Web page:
Be Prepared. That’s the slogan around our house. We’re on the ready with pantry staples, bottled water, fresh batteries. Never to be caught off guard in the event of an emergency that prevents us from making it the 7.3 miles in any direction to a store that carries life’s little necessities. You know, peanut butter, saltine crackers, toothpaste, maxi pads.
One product that my husband uses to battle chronic sinus problems is Claritin D. For the benefit of those who don’t use drugs, I’ll give you a run down. Purchases of Claritin D are closely tracked and heavily regulated so that no more than a thirty-day supply can be purchased. Consumers must show ID to a cashier, who then double checks the super-duper drug data network. You know, the one responsible for winning the war on drugs in America. It’s great to know that we’re protected from smurfing blister pack gangsters.
I don’t know why trips to the pharmacy can’t ever coincide with that time of the month when there is no Claritin D left in my husband’s stash. His attempts to be prepared and purchase another fifteen day’s worth are thwarted by those ever vigilant drug trafficking trackers at the WalMart. Drat!!$#@
He waits in line behind every single person who absolutely must speak with the pharmacist and then when it’s finally his turn and the cashier has done her due diligence, she gives him that disapproving look and says, “Um it looks like you still have a two-day supply. You’ve already purchased thirty day’s worth in the past thirty days. That means you could possibly have thirty-two pills and I can’t let you buy more.”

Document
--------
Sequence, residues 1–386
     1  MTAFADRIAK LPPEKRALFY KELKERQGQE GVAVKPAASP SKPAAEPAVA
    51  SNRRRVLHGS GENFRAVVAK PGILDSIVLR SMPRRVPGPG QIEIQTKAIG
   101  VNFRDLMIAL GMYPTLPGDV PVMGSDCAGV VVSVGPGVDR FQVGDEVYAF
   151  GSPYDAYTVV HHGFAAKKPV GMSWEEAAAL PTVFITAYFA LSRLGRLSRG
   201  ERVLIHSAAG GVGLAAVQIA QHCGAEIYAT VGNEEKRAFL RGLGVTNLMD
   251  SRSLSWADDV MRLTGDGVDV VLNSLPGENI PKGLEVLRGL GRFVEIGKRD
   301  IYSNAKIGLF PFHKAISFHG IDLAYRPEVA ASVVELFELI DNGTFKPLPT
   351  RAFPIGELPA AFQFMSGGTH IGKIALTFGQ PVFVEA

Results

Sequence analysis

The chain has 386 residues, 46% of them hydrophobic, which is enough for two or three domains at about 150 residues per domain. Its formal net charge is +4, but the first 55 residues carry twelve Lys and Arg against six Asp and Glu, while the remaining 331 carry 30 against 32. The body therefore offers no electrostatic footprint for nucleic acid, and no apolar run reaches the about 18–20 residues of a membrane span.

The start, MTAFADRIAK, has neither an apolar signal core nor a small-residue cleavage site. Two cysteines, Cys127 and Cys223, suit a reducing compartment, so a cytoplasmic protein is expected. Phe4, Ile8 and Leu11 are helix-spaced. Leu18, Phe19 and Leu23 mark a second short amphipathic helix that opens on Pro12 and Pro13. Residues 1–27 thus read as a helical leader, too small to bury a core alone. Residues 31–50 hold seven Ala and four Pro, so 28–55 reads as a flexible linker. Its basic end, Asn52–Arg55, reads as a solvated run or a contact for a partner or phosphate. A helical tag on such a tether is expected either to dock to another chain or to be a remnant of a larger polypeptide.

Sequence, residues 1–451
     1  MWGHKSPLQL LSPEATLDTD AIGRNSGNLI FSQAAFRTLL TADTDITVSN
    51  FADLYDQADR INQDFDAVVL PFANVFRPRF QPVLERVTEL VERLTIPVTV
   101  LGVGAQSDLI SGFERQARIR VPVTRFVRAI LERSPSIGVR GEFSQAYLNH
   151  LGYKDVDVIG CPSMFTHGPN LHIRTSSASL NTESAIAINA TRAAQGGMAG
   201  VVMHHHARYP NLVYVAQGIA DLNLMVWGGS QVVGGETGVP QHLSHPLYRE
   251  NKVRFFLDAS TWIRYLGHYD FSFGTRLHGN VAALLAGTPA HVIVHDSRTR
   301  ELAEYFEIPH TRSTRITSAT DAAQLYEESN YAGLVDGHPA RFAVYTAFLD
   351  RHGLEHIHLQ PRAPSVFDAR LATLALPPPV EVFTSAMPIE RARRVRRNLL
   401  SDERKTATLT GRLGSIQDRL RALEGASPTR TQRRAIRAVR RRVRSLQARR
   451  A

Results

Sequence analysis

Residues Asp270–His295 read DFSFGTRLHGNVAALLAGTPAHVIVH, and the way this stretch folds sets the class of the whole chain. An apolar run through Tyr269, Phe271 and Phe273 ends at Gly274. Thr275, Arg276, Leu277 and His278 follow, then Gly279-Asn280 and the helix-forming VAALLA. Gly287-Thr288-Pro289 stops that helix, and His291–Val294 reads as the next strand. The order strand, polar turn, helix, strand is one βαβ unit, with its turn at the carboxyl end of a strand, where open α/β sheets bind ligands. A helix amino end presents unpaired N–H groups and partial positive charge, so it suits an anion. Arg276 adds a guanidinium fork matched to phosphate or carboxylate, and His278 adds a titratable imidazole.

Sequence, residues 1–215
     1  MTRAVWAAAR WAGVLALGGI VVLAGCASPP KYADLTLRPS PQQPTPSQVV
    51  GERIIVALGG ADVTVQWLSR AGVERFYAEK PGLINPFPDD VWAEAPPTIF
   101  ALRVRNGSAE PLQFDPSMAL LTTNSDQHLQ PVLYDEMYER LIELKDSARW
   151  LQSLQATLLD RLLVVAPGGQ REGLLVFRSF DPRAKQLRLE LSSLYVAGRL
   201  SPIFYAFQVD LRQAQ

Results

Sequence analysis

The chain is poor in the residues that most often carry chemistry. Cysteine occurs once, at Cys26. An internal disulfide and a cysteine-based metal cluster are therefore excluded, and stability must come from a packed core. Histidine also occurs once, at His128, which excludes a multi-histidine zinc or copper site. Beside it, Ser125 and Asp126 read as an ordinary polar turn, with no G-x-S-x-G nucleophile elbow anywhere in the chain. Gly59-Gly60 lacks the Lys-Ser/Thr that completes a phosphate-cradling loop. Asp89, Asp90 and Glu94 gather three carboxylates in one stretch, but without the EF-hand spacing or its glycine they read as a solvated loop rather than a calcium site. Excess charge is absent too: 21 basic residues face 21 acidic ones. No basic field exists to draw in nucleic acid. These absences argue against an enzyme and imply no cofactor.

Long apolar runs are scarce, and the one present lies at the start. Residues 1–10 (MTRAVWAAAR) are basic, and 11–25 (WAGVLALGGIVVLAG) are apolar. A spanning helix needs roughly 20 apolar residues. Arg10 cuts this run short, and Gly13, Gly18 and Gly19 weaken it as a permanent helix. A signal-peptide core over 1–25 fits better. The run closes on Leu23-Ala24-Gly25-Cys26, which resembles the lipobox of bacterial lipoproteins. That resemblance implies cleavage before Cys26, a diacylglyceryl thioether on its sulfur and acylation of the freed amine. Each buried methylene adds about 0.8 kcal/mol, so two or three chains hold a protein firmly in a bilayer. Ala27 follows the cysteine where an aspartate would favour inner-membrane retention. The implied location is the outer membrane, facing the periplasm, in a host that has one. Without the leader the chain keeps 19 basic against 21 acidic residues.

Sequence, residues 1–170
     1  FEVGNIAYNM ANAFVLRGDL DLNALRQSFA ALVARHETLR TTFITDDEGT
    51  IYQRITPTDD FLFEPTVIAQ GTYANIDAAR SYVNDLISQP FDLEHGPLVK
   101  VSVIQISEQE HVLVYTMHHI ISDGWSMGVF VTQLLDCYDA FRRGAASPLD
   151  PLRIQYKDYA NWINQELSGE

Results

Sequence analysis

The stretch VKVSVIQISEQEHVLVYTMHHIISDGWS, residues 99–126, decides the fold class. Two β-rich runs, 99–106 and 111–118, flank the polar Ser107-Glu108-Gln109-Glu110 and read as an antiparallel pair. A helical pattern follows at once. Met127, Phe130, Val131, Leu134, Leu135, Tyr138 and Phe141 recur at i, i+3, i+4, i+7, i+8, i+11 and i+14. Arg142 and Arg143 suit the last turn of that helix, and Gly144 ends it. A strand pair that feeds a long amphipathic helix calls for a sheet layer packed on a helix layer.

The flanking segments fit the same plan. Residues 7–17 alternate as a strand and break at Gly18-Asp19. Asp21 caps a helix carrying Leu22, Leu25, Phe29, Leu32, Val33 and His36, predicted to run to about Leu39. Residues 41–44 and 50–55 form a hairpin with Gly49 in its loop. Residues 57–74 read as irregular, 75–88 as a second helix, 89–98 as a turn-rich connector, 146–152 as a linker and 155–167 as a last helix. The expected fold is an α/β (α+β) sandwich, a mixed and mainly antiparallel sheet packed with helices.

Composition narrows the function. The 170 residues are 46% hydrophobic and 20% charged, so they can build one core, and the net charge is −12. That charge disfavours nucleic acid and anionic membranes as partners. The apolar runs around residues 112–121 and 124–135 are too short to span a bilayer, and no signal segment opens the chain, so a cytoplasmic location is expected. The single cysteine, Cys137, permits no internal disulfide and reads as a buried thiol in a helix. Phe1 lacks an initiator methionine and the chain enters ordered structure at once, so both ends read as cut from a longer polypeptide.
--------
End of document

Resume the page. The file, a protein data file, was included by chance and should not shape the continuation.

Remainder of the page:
He walks over, knowing I don’t have my purse with me and says, “You don’t have your purse, do you? You’ll pick some up for me when you’re out tomorrow, won’t you?”
Oh the question I long to hear. All I want to do is get out of there before I have an aneurism. There’s no place I loath to go more than WalMart. Why did I go? Because we shop together every year for items on the Children’s Advocacy Center wish list. It’s tradition. I wish there was somewhere else we could purchase stuff we use, stuff everyone uses. Yeah I know, there’s Target, but really other than having a Starbucks in the front of the store, and their oh-so-festive holiday commercials, what’s the difference?
So I say, “Sure, make me your drug mule.”
It’s a joke of course, but this is a prime example of how we are kidding ourselves that our leaders give a damn about solving problems. The pathetic excuse for information sharing between government agencies coupled with willing ignorance is no joke. People in law enforcement, people working in rehab centers, friends and family of people with drug addictions will tell you, for the vast majority, it’s a vicious cycle. Lives destroyed, property damaged, children abandoned, these are real issues. Playing politics while communities struggle to deal with them is irresponsible. Faking doing something about it is criminal.